Wagamama has been branded ‘b*stards’ by a fuming activist after ‘homeless spikes’ were spotted outside the window of one of their busiest restaurants.
A mystery graffiti artist daubed the offensive word on a floor-to-ceiling window at the chain’s restaurant on Clink Street – famed for the historic prison.
There are wavy concrete structures underneath the window, which are known as ‘hostile architecture’ because they prevent people sitting or lying down outside, and is a controversial way to force homeless people seeking shelter to move on.
Witnesses spotted the graffiti outside the branch in Southwark, central London, on Monday, located on a tourist thoroughfare next to attractions including the Tate Modern and Borough Market.
A spokesperson from Southwark Council said the deterrent sits on private property and is not something they would ever install.
Stephen Robertson, Chief Executive of The Big Issue Foundation, said: “Hostile Architecture is a well and long-established design approach intended and purposed towards moving a ‘problem’ from public view.
“It re-enforces social divisions, the ‘haves and the have nots’ as it were, and it endorses aggressive responses to the humanitarian crisis that is ‘homelessness’ today.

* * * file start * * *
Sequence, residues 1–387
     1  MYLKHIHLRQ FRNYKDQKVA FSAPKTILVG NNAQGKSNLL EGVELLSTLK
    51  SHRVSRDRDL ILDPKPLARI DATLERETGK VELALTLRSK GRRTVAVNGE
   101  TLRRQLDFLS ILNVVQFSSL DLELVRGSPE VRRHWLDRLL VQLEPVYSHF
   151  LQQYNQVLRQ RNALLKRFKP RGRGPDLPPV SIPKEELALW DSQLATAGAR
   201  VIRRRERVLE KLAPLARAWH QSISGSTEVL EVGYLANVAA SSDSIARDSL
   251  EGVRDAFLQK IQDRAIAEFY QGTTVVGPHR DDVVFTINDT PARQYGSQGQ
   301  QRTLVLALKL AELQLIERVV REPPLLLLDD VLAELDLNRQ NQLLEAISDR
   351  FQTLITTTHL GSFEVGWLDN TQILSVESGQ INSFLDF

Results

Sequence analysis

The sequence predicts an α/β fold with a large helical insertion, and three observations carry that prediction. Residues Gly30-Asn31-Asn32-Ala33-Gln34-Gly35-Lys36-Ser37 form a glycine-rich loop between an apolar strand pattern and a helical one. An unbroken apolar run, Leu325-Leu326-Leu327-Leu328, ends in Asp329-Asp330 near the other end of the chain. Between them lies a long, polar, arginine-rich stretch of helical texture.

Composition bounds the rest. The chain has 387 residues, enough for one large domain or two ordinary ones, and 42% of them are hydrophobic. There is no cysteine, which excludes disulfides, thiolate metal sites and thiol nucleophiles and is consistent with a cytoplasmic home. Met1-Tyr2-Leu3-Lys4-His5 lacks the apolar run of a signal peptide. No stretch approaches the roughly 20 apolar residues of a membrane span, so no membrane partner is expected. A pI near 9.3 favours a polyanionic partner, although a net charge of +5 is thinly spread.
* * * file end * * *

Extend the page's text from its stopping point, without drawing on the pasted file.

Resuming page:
“It sits hand-in-hand with the pointless ‘vagrancy act’ and had no place in a solution focused democracy.”
It is not clear how long the anti-tramp installation has been in place, but it was slammed by a number of charities.
Sleeping deterrents make already vulnerable people more marginalised
A spokesperson from The Salvation Army added: “Rough sleeping deterrents can make already vulnerable people more marginalised and push them further away from organisations that can support them like The Salvation Army.
“We oppose anything that alienates and labels people as an issue to be solved rather than a person in need.”
Paul Noblet, Head of Public Affairs at the youth homelessness charity, Centrepoint, said hostile architecture only drives vulnerable people “out-of-sight” instead of getting them into accommodation where they can access proper support.
A spokesperson from The Restaurant Group PLC, which owns Wagamama, said Network Rail owns the lease to the land and that the deterrent has been there since the restaurant arrived in 2005.
Plans to remove
A Wagamama spokesperson has said the restaurant is responsible for the device which it now plans to remove, despite first saying that National Rail owned the lease to the land.
A spokesperson for the Restaurant Group PLC – which owns Wagamama – said: “The space outside the restaurant is leased to Wagamama, meaning we are responsible for the installation.
“Wagamama has looked back at historical photos and it seems to have been there since the site was opened in 2005, though Wagamama has no record of having been the ones to implement it.
“Nonetheless, now that we know it’s within our remit, we’re making plans to remove it.
“The first step is to scope the cost and timings of doing so, which we’ve started.”